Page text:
A few members of my RCIA team tell me that one of the reasons they help with RCIA is to help them stay strong in their faith. So I think everyone has to work at their faith formation.
Don’t worry, If I have learned anything in RCIA, it is God is loving and there is hope for ALL of us. No one is perfect. The RCIA is not the end all & be all of our faith formation. It is just the beginning. In my opinion, keep going and receive your sacraments. You deserve it!:thumbsup:


#5

I suppose faith is a bit like marriage (or any long-term relationship for that matter). You do go through ups and downs, and periods of feeling the opposite of ‘madly in love’, either with the Church or with your spouse or child or whoever. But you stick with them and come through the other side and those low periods pass.

In essence, you are still (as most of us are) something of a ‘child’ in faith/spiritual terms - still at the stage of figuring out the rules. Keep learning, keep trying to seek out the deeper meaning behind those rules that are so pesky.


#6

when i was in RCIA, i was pretty gung-ho about the CC. i did have to switch from one parish to another when the first RCIA teacher exhorted “us women are making a lot of progress towards becoming priests”, but once i found a decent parish everything was ok.

it was not until after RCIA that i began to feel like you do now. man, it felt like all i had to do was breathe and i’ll be doomed to hell. it took a few years, with ups and downs, but i stuck with it and those feelings eventually wore off. i think it was/is a test from God that needs to be struggled through with the mindset of CHOOSING the CC. also, the devil doesn’t want you anywhere near a church (let alone the CC), and so he will certainly do anything he can to dissuade you. once i was through this period, things really picked up and i have been feeling much more at home in the church. my suggestion is to make friends with someone else in RCIA, or someone you know who is a good Catholic, and try to use that friendship for encouragement and support, and to grow in the “good” feelings associated with being a member of this community.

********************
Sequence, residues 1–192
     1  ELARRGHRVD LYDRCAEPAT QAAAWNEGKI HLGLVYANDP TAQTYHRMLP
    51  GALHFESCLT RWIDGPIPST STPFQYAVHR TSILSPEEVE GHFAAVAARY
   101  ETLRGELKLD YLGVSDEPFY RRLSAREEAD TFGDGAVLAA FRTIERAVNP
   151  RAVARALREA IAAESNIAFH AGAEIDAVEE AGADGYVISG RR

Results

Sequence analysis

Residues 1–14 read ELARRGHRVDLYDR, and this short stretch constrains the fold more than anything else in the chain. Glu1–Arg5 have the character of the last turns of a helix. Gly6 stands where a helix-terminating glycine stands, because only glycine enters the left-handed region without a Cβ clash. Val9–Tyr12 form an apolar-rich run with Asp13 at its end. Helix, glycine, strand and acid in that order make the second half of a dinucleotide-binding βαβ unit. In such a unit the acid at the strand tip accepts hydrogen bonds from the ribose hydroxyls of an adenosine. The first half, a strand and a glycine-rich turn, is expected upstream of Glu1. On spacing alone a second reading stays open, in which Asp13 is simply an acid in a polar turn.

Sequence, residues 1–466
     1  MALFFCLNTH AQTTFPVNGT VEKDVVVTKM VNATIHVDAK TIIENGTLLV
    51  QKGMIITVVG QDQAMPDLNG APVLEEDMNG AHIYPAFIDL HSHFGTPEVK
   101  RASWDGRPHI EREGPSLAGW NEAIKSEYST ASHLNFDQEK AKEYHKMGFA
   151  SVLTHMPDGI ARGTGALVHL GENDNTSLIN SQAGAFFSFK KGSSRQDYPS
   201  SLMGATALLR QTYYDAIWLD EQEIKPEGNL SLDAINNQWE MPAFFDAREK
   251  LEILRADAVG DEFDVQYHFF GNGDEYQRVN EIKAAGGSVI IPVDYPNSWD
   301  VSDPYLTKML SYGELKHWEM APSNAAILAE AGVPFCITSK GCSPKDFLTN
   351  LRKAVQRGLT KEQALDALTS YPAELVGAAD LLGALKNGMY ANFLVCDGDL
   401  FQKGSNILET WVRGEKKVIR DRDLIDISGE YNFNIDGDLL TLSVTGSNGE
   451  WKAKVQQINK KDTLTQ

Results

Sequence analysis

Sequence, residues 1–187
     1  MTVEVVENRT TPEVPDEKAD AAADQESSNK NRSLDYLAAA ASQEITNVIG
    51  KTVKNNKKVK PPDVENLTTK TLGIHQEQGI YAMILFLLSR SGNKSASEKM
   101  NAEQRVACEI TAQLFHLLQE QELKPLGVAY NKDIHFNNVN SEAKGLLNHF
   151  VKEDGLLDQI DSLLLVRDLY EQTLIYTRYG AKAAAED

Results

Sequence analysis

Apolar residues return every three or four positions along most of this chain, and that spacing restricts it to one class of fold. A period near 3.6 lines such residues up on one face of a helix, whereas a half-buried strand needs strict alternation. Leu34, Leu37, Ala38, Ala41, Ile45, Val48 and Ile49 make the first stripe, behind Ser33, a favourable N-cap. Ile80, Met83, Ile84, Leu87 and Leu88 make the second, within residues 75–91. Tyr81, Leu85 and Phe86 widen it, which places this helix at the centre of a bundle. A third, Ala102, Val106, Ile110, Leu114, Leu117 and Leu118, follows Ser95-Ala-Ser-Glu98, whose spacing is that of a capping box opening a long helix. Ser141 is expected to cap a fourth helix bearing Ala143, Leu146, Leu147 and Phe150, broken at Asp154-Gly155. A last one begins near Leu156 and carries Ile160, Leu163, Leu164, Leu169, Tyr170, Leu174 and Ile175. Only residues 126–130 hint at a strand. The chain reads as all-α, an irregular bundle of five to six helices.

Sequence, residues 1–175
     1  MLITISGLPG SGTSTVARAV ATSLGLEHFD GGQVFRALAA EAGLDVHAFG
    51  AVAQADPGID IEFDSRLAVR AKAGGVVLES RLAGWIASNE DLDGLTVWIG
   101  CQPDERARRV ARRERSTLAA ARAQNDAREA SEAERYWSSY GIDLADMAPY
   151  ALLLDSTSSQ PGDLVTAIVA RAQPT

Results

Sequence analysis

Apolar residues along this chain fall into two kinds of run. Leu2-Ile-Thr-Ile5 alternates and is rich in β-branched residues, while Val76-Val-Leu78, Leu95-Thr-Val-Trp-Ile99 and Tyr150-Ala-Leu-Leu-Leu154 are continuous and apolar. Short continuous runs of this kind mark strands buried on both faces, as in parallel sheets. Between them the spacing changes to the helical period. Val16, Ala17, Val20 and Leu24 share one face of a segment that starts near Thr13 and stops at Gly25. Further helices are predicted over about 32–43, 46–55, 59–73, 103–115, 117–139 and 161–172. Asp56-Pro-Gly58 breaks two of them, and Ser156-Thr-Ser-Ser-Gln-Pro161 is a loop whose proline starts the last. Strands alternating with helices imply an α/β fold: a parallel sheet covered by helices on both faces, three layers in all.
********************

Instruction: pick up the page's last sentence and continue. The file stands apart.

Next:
hope that helps…


#7

Everytime a baby starts wailing during Mass, even though it is annoying, I can’t get too annoyed since I recognize my own fits of restlessness and sin in those baby’s cries. It seems like I live in the Crying Room.


#8

Perhaps as you grow in your faith, your feelings about the ‘rules’ will fall away. I’ve found that I’ve internalized these rules. Basically, they’re an extension of Christ’s “Two Commandments”.

The rules exist because we have a way of trying to go easy on ourselves. (‘well, this isn’t really a sin…’) If you feel overly constrained with them, perhaps there’s a leaning towards being scrupulous? I find most if His yoke light and easy to bear.


#9

Thank you. Everyone gave me something to think about.


#10

For me what is central is my living to give encouragement and love to others.
And to live the Sacraments. It means a lot to me to go to daily Mass and be close to Jesus, and to pray for my brothers and sisters of this world.

That is, you can come from the direction of fear and law, or you can accept the commands of God to love others and self, and God above all, ie, live from love. I live from and in love. Not a sentimental type, but wholehearted.

If you read Matthew 25, verses 31-40, concentrating on what Jesus says about love of others knowing that to love others actively is to love Him…then you will live the law without it being fearsome, but with creative, wholesome love.

Warm regards and prayers, Trishie


#11